This is the last composition that I did for the student film that I'm working on as a favor to a friend. It portrays a robot and a human fighting over a gun (I know its a LITTLE dumb) But whatever. Check it out if you'd like It's the last piece labeled as "the brawl". As usual comments are always sweeeeeeet !
Not bad kid!! If you keep on improving at this rate you'll be kicking all our butts soon.
I'd like to hear where you would take it from where you left off. I'd like to hear how you vary and idea.
You're initial impulses are always pretty good. Your ability to vary a motive is a little lacking which makes you sound a little inexperienced.
Check out books by Messian and a book by Schoeberg on composition techniques. Pay special attention to sections on motivic variations. Ask yourself questions like,"What is a motive?" and "In how many ways can they be varied?". Once you got a good phrase going then start introducing variations.
Like in your piece you have those low brass accents. What other ways can you vary it? 1-2-3 then 2-3-1 then 3211---. It's a little hard to explain, but I hope you get the example. Where the numbers represent your low brass motive and the spaces the rhythm.
Thanks Jose, your always very kind and helpful at the same time. I looked up Massian, and it didn't seem like it would be the most helpful text. So then I looked up Schoeberg and of course he has published a billion books. Could perhaps you or anyone else for that matter recommend any text that would help me with composition techniques. I know a book can't teach you how to compose, just something that will perhaps give me a few pointers. Thanks ahead of time!
I'm going to buy the book along with some scores as soon as my visa check card gets in. I’m so excited I can finally buy things on the Internet without having to go to someone for help.... sweet!
Well yesterday I finally got to see the finished product of FEAR and I have to say that I was really excited about the outcome, and the director was in LOVE with it, I can’t wait to do this for a living! Thanks for the encouragement and advice everyone especially you Jose!
Wow.. ok. 14 seconds into it, my first words were: holy sh_t. Nice production quality, man. You know, most pieces I hear on this forum are VERY well composed, or very well orchestrated, or both.. once in a while I'll hear something that has really killer production quality, but to be frank, it's rare. So, however you mix your stuff and whatever reverb you've got going on..nice stuff.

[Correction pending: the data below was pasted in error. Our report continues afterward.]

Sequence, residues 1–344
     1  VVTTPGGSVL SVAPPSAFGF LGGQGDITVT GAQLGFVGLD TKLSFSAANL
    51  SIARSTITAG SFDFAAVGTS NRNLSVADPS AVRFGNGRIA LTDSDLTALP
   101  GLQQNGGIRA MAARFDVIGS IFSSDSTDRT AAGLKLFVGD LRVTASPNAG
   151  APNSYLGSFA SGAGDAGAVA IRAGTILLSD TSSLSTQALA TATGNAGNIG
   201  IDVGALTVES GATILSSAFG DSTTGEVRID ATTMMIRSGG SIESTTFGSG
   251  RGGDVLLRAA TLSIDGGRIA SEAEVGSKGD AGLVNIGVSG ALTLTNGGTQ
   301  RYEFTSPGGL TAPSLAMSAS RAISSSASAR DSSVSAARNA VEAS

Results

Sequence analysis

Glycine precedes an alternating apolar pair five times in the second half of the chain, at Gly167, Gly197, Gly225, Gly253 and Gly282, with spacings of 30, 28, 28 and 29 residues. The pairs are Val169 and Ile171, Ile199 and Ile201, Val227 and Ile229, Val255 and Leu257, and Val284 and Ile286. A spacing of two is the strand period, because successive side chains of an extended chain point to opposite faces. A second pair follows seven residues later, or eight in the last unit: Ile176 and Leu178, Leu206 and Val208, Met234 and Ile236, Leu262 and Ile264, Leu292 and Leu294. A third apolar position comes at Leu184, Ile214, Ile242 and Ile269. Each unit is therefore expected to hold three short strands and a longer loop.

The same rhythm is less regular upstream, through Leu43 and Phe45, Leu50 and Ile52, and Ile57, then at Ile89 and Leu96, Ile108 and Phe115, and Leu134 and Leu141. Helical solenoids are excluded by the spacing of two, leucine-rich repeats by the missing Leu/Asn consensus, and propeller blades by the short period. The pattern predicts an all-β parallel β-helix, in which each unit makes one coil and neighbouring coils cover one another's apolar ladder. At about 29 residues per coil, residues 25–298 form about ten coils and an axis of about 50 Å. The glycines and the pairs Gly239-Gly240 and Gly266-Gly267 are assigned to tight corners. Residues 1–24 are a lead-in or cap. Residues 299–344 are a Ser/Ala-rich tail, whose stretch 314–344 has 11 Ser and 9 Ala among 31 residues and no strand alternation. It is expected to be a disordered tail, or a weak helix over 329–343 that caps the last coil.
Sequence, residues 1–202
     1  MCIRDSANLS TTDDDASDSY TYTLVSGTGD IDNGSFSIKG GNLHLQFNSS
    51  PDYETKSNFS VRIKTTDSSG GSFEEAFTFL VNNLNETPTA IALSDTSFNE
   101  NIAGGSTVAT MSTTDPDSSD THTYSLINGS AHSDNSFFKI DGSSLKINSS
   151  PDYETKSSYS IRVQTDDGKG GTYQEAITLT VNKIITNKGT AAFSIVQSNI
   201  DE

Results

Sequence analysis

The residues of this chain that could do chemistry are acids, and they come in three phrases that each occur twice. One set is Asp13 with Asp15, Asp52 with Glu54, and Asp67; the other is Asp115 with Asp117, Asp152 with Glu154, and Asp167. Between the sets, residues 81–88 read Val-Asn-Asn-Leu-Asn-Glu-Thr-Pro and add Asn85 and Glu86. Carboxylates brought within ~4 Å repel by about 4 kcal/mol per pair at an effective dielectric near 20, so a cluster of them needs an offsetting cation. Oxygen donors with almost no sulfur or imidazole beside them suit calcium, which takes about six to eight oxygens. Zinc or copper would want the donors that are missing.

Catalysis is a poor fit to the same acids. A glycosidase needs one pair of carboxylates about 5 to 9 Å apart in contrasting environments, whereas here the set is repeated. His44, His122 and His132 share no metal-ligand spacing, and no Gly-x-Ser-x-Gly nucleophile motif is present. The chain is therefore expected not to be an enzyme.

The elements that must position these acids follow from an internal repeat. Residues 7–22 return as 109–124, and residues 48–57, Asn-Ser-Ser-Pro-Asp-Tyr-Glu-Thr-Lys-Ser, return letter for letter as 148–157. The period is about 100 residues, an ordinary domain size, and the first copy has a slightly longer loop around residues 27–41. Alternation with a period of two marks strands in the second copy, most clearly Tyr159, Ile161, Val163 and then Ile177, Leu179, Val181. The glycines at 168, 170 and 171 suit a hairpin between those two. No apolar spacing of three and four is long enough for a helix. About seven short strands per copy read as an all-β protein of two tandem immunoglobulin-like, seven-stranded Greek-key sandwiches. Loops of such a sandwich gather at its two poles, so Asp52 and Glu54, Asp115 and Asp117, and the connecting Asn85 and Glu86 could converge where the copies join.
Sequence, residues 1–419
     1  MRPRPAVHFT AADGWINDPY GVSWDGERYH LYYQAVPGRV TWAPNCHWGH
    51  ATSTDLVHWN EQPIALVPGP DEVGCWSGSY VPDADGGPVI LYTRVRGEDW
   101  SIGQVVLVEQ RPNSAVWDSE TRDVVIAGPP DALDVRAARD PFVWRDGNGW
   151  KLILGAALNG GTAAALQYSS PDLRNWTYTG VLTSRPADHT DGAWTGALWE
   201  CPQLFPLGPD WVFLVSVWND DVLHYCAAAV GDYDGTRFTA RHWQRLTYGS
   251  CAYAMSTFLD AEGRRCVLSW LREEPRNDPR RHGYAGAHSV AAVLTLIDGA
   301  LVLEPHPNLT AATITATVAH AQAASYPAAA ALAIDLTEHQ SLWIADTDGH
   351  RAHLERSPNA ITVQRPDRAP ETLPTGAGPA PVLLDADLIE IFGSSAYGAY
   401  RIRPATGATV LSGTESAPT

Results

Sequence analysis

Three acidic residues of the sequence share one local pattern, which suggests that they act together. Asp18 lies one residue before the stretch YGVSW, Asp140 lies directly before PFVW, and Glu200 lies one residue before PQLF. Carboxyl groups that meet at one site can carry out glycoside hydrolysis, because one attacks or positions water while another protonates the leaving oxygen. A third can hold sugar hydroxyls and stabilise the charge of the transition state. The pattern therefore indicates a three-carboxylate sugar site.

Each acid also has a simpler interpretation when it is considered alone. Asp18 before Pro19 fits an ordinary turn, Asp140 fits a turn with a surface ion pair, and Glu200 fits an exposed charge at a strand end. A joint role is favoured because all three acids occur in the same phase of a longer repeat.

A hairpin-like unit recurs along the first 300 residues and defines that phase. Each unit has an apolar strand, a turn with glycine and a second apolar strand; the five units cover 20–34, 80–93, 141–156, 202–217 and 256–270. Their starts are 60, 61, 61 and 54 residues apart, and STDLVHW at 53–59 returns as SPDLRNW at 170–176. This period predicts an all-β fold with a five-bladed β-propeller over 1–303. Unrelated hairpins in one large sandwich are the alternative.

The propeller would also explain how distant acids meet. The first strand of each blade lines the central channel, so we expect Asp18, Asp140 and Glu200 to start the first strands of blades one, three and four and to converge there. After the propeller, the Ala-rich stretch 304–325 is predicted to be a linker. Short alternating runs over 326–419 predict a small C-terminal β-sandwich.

I love the slow buildup of this piece.. very tense.
Why wait? Start charging now. There's plenty of B films happening in Florida. Jump in and get your feet wet. Start sending your resume out.
It's a brutal business at times. At times very rewarding. Just always remember that the best training you're going to get is on the job.
Good luck. Let me know if you need any help with the Schoenberg book. I recommended this book to Mark Isham a while ago and he quickly incorporated it into his film and jazz work. He thought it was pretty cool.
Thanks alot Sam, this is probably the first time I've gotten a compliment on production, I'm usually slacking in that area...hehe. Thanks alot though! Oh and I just turned 18 last month.
Mark Isham Jose? Well you know If I'm not doing Frank Darabont's next Film, I'm going to blame it on you . But seriously, where would I send a resume? Come on hook me up baby
You's got to hustle like the rest of us lions in the lair.
Get a listing of production companies in your area and start sending resumes and start making phone calls. After about one thousand resumes and 500 phone calls you might get something. The secret is to never give up in spite of any setbacks.
It's a rough business filled with some cruel people. But, there are some decent people too. You got to learn to work with them all.
If you got the stomach for it you'll end up in Los Angeles trying to duke it out with what is probably the most talented bunch of composers in the history of the world. All in one place. All with the similar goals. Ain't we lucky.